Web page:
TEST 3: Testing For The Crankshaft Position Sensor Signal

Testing for the Crankshaft Position Sensor Signal. How To Test The Ignition Module And Crankshaft Position Sensor (GM 3.1L, 3.4L)

Now, I'm gonna' show you how to test the crankshaft position sensor. This sensor is known (in most repair/service literature) as the 7X (or 3X) CKP sensor. Although, when you go buy it from your local auto parts store (Auto Zone, O'Reilly, Pepboys, etc.) you'll have to just call it a crankshaft position sensor.

You'll need a digital or analog multimeter (or an oscilloscope) for this test. Also and very important, the battery in the vehicle must be in a fully charged condition.

You're gonna' probe both wires at the same time to get an AC voltage reading. This is the A (YELLOW wire) and C (PURPLE wire) circuits of the connector labeled 2 in the photo below. Since you'll be working around a cranking engine, use common sense and take all necessary safety precautions.

This is what you need to do:

  1. Put multimeter in AC Volts mode.
  2. With Connector 2 disconnected or connected to the ignition control module.
  3. Connect the test leads of the multimeter to either of the two wires with suitable tools (the polarity of the multimeter's test leads don't matter on this test).
  4. Have an assistant crank the engine while you observe the multimeter (or oscilloscope).
  5. The multimeter's AC reading should fluctuate from 0.3 V AC to 1.0 V AC continuously as the engine is cranking (the maximum AC voltage attained will depend on the temperature of the engine, oil viscosity and battery charge condition).
    1. If you're using an oscilloscope, the waveform should look like the one at the bottom of the page.
  6. Did the multimeter show an AC voltage reading?

Let's find out what your test results mean:

CASE 1: If your multimeter showed an AC voltage reading- Good, this means that the CKP sensor is working properly. In 99% of the cases, this tells you that the ignition control module is defective...

...but not always. But before I suggest the next test, let me explain that if your vehicle's ignition module is getting:

  1. Power (12 Volts).
  2. Ground.
  3. The crank signal.

It has to start sparking all of the coil packs that sit on top of it. What sucks is that the crank sensor could be creating a signal your multimeter is recording, but the signal is not good enough (if you're using an Oscilloscope, this is something you don't have to worry about because the crank sensor signal waveform you're seeing is not going to lie).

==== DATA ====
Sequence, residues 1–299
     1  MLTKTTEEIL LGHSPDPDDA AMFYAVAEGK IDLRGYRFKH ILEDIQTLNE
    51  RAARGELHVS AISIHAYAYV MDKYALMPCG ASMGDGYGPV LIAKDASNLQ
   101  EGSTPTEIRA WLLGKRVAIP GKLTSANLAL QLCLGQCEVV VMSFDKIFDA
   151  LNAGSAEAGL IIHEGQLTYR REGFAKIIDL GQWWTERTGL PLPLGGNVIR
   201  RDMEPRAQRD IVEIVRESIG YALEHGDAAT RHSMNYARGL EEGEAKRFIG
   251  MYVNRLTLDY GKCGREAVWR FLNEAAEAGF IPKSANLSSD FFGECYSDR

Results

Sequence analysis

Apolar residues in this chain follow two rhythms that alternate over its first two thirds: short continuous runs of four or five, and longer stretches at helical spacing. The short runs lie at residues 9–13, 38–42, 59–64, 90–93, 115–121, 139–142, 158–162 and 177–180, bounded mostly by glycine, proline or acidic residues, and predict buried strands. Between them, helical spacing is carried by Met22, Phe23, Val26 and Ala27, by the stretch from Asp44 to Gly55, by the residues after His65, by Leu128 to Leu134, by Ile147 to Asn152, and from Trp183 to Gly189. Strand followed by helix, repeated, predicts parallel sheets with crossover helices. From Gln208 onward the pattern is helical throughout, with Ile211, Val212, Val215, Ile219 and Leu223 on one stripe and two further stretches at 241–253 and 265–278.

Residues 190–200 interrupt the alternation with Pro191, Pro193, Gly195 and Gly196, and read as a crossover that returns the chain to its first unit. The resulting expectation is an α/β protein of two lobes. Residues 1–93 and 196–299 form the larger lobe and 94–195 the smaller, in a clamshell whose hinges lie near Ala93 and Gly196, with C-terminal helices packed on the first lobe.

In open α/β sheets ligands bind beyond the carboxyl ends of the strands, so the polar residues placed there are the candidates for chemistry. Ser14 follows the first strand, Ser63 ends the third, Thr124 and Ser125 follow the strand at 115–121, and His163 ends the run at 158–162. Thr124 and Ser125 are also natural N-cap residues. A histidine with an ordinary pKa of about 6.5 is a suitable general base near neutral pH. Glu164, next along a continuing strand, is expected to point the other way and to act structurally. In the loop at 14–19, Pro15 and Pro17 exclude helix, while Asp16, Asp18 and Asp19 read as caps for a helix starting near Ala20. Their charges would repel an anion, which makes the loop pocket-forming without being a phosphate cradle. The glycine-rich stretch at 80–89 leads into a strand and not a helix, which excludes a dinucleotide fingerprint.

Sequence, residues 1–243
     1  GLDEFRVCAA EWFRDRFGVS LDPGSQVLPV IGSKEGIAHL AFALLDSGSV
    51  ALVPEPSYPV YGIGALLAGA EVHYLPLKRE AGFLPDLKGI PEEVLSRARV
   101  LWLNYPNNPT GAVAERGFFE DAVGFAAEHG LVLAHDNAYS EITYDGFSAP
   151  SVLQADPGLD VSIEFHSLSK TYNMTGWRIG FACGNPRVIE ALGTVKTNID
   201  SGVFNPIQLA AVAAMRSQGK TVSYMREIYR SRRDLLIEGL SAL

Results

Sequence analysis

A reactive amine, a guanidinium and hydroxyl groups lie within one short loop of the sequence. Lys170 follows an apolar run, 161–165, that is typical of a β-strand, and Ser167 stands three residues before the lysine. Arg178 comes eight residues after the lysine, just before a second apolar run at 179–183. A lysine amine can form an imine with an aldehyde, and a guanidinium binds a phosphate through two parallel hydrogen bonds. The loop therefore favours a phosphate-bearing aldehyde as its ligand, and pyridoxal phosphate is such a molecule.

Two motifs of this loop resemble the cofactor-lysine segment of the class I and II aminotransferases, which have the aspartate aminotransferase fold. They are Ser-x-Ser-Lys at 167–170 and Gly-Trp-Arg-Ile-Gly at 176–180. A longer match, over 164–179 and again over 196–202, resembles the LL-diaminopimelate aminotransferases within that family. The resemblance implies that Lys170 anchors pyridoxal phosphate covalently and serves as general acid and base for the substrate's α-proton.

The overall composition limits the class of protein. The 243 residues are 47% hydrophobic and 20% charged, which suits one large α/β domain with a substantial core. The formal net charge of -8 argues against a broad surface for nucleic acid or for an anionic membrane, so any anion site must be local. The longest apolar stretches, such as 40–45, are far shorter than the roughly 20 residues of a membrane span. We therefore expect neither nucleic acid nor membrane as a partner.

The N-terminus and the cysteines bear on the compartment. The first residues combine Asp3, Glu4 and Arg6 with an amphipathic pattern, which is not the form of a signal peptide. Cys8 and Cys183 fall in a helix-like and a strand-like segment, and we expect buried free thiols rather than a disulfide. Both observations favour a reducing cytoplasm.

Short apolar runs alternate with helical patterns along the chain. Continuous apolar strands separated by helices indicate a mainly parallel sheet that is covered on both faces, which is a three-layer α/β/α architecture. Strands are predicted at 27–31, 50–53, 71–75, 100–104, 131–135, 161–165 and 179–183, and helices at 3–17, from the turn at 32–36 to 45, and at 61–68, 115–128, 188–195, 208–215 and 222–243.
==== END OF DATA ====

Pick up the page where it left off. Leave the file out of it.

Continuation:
So, I suggest one more test and this is to measure the resistance of the crank sensor before replacing it. Go to: TEST 4: Crank Sensor Resistance Test.

CASE 2: If your multimeter DID NOT SHOW an AC voltage reading- Recheck all of multimeter's connections. Try again. If the multimeter still does not register an AC voltage reading on its screen, the crankshaft position sensor (CKP) sensor is defective. Replace the crank sensor.

IMPORTANT: The most common cause of a missing signal is the sensor's wires shorting to ground on the block or the exhaust manifold. Before you attempt to replace the sensor, remove the wiring from the car and visually check it first. Now, to be little more specific about this issue...

  1. The crankshaft position sensor connects to the ignition module with two intertwined wires. The length of this wiring harness is about 2 feet long and its routing takes it underneath the rear exhaust manifold.
  2. Over time and thousands of miles, the fasteners that hold it in place away from the hot exhaust manifold or any sharp edges, breaks.
  3. What happens next is that the wiring harness starts to come in contact with the hot exhaust manifold or the sharp edge of the engine block and the insulation of one or both wires starts to either burn off or rub off.
  4. The end result is that the wires short to Ground and the signal that the CKP sensor is generating never reaches the ignition module.

Therefore, if in this test step your multimeter did not register an AC voltage value, its always a good idea to check for this condition first before replacing the crankshaft position sensor.

If this wire is burned, there are three options available to you:

  1. Buying a new one from the GM dealership parts department.
  2. Buying one from a junkyard.
  3. Repairing the one on your vehicle.

Crank Sensor Oscilloscope Wave Form (3.1L, 3.4L)

Buick Vehicles:

  • Century 3.1L
    • 1997, 1998, 1999, 2000, 2001, 2002, 2003, 2004, 2005
  • Regal 3.1L
    • 1994, 1995, 1996
  • Rendezvous 3.4L
    • 2002, 2003, 2004, 2005
  • Skylark 3.1L
    • 1994, 1995, 1996, 1997, 1998

Chevrolet Vehicles:

  • Beretta 3.1L
    • 1994, 1995, 1996
  • Corsica 3.1L
    • 1994, 1995, 1996
  • Impala 3.4L
    • 2000, 2001, 2002, 2003, 2004, 2005
  • Lumina 3.1L
    • 1995, 1996, 1997, 1998, 1999, 2000, 2001

Chevrolet Vehicles:

  • Malibu 3.1L
    • 1997, 1998, 1999, 2000, 2001, 2002, 2003
  • Monte Carlo 3.1L, 3.4L
    • 1995, 1996, 1997, 1998, 1999, 2000, 2001, 2002, 2003, 2004, 2005
  • Venture 3.4L
    • 1997, 1998, 1999, 2000, 2001, 2002, 2003, 2004, 2005

Oldsmobile Vehicles:

  • Achieva 3.1L
    • 1994, 1995, 1996, 1997, 1998
  • Alero 3.4L
    • 1999, 2000, 2001, 2002, 2003, 2004
  • Cutlass (Ciera & Supreme) 3.1L, 3.4L
    • 1993, 1994, 1995, 1996, 1997

Oldsmobile Vehicles:

  • Silhouette 3.1L, 3.4L
    • 1994, 1995, 1996, 1997, 1998, 1999, 2000, 2001, 2002, 2003, 2004

Pontiac Vehicles:

  • Aztek 3.4L
    • 2001, 2002, 2003, 2004, 2005
  • Grand Am 3.1L, 3.4L
    • 1994, 1995, 1996, 1997, 1998, 1999, 2000, 2001, 2002, 2003, 2004, 2005

Pontiac Vehicles:

  • Grand Prix 3.1L
    • 1994, 1995, 1996, 1997, 1998, 1999, 2000, 2001, 2002, 2003
  • Montana 3.4L
    • 1999, 2000, 2001, 2002, 2003, 2004, 2005
  • Trans Sport 3.4L
    • 1996, 1997, 1998

Isuzu Vehicles:

  • Rodeo 3.2L
    • 1993, 1994, 1995
  • Trooper 3.2L
    • 1992, 1993, 1994, 1995